Negotiating over the shape of the tableI don't know how many of you are old enough to remember the Paris Peace Talks that were designed to bring about an end to the Vietnam War. With his term of office coming to an end in late 1968, Lyndon Johnson was determined to get substantive peace talks with North Vietnam going before he turned over the reins of power to Richard Nixon on January 20, 1969. But North Vietnam had different ideas.
The official talks still did not begin. South Vietnam raised a series of procedural issues, the most prominent of which were the particular use of flags and name plates, the speaking order of the participants, and the physical arrangement of the conference, including most notably the shape of the conference table. On the latter issue, the North Vietnamese and the National Liberation Front (NLF) insisted on a four-sided table to emphasize equality between the parties, while the United States and especially the GVN favored a two-sided arrangement that did not obviously give the NLF equal footing with the GVN. (250, 260, 264) On January 2, 1969, the North Vietnamese relented on their requirement that made flags and nameplates contingent upon the acceptance by the other side of a continuous round table. (268, 269) On January 7 Johnson sent Thieu a strongly worded message to desist from the "continued stalemate on present lines" that was undermining public support within the United States for South Vietnam. (276) Thieu continued to refuse to consider such a trade-off from his original position on the shape of the table. (277-279) Pressure on Thieu from Washington coupled with the involvement of Soviet diplomats eventually overcame this impasse. On January 13 the Soviet Ambassador in Paris directed his subordinate to propose a resolution: a round table with two smaller rectangular tables at opposite sides; no flags or nameplates; and speaking order arranged by the drawing of lots. (280, 281) Both the North Vietnamese and the American delegations agreed to this proposal on January 15, as did both South Vietnam and the NLF the next day. (283, 284) On January 18 the first meeting between the four parties, which focused solely on modalities for the substantive talks, was held. (286) The Johnson administration left office on January 20, 1969, with the knowledge that peace talks were finally underway.Those talks may have been the diplomatic model for an exercise in futility. Until now.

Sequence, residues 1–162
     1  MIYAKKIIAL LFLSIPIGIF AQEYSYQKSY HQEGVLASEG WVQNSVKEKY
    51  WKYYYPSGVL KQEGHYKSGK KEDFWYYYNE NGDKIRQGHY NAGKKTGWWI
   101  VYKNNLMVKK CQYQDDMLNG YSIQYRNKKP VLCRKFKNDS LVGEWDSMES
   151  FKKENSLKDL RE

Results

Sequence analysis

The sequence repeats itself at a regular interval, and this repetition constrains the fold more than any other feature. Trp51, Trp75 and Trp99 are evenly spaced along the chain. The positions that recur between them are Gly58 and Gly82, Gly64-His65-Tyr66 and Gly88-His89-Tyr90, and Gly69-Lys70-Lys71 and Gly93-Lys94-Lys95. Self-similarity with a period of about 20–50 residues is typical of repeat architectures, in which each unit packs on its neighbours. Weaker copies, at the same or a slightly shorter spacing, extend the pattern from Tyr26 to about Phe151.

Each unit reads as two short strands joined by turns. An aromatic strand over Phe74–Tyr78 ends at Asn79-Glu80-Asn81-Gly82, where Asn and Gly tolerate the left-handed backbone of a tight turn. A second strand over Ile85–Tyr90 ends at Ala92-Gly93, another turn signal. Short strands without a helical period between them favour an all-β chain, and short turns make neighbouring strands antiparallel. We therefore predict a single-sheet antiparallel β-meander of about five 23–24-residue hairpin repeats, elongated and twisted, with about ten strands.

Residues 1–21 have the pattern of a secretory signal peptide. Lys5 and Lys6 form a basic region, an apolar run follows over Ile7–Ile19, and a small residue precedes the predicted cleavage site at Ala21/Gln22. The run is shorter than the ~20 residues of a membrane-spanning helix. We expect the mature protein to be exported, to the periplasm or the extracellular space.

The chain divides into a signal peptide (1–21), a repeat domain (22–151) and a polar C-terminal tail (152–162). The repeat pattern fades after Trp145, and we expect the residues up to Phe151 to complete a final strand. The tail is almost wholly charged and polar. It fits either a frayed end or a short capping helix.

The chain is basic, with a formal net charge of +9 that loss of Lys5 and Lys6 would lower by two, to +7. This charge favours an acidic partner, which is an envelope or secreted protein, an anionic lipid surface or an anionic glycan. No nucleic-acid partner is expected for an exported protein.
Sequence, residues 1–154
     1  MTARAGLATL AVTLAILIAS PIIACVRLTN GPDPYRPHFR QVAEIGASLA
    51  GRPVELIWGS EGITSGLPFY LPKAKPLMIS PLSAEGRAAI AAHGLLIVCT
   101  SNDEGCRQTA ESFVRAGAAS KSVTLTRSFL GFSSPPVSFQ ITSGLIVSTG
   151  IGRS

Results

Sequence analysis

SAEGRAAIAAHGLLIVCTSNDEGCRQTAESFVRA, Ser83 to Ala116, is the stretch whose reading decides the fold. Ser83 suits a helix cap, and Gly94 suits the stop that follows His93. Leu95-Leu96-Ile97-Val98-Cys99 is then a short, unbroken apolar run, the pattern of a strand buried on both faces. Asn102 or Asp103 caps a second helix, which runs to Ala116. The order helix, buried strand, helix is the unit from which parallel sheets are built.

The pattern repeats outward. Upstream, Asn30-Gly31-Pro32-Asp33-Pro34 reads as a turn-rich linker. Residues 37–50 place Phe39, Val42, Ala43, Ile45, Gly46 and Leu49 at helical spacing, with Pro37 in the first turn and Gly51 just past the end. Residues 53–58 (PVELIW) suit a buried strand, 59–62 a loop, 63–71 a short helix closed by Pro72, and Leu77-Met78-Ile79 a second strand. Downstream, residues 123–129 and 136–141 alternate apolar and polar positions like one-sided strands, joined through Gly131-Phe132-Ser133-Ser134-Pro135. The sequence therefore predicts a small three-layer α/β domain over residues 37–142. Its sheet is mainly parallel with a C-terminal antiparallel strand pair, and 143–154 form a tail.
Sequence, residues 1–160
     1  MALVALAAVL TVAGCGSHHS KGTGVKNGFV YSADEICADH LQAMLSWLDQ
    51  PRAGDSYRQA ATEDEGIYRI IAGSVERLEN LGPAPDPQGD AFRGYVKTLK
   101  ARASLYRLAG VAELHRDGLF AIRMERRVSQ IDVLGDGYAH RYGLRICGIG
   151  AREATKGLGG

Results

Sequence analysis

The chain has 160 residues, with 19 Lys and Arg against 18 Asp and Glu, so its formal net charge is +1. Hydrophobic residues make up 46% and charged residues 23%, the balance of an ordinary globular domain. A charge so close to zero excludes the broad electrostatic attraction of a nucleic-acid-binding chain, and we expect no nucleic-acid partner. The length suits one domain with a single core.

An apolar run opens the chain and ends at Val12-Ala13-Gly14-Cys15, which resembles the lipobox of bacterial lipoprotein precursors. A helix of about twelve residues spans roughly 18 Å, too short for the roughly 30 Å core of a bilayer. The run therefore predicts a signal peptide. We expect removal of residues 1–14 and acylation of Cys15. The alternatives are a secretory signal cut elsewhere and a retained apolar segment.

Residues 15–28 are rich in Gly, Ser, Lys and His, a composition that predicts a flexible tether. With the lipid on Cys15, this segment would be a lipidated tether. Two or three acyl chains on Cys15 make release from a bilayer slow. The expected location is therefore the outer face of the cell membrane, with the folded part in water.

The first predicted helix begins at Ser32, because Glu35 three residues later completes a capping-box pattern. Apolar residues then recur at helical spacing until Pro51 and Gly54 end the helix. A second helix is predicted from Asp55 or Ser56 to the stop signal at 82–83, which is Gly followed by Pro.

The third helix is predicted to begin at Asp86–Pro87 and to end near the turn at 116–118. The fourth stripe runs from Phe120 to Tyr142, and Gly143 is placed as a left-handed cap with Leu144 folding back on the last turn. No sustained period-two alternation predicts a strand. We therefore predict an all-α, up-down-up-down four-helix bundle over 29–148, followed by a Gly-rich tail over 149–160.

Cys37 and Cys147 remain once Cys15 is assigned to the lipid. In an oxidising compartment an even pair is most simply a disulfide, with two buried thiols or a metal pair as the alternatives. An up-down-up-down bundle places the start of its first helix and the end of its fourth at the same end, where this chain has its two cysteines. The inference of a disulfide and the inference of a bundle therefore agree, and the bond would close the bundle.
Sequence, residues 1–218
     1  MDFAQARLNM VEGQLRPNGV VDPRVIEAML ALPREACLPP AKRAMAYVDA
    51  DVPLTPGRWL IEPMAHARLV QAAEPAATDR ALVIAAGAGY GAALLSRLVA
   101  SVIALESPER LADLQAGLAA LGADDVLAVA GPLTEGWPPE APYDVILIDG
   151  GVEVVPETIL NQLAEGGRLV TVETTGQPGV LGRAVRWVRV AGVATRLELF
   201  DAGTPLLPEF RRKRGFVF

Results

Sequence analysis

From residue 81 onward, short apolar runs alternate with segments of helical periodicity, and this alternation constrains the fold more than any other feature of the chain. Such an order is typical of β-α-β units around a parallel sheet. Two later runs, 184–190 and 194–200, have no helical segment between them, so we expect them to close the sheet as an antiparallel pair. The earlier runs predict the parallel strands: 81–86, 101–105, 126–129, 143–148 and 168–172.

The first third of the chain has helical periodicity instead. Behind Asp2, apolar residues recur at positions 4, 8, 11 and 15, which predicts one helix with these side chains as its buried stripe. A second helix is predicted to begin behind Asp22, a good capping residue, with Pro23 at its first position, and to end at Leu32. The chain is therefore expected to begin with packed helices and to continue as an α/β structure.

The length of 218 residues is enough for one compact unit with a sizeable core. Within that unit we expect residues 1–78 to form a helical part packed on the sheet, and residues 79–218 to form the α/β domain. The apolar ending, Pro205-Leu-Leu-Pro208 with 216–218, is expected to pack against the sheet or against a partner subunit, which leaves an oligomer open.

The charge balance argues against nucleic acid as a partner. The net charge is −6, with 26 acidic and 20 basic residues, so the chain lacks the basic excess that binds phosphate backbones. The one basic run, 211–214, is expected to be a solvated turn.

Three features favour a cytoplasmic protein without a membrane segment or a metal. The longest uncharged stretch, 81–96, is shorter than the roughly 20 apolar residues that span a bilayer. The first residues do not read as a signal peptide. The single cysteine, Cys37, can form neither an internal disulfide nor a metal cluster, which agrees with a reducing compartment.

Having been emboldened by the Obama administration's foolish effort to bring about a 'full settlement freeze,' the 'Palestinians' are continuing to refuse to engage in direct negotiations with Israel without that freeze. And Barry Rubin reports that President Obama does not have a lot of options.
So what are Obama’s options at this point?Indeed. It looks like hope and
Option 1: Go back to having a confrontation with Israel demanding it freeze construction and get nothing in return. That’s not going to happen.
Option 2: Criticize the Palestinian stand and pressure it (after all, the United States is providing all of its money or helping to raise it among allied countries) to go to talks. That’s not going to happen.
Option 3: Pretend everything is going well, have officials run around as if something is getting done, develop some new photo opportunities, and hope no one notices. Yep, that’s the one.
Here's how Palestinian negotiator Saeb Erakat put it: "There will not be Palestinian-Israeli negotiations in Washington. There will be parallel American-Israeli negotiations and Palestinian-American negotiations." That sort of sets things back to the way they were around 1990.
After nine months in office and after having declared it would hit the ground running on Israel-Palestinian issues and get peace very fast, the Obama Administration has achieved nothing. In fact, it has set back the process and is getting less done than the supposedly criminally passive Bush Administration.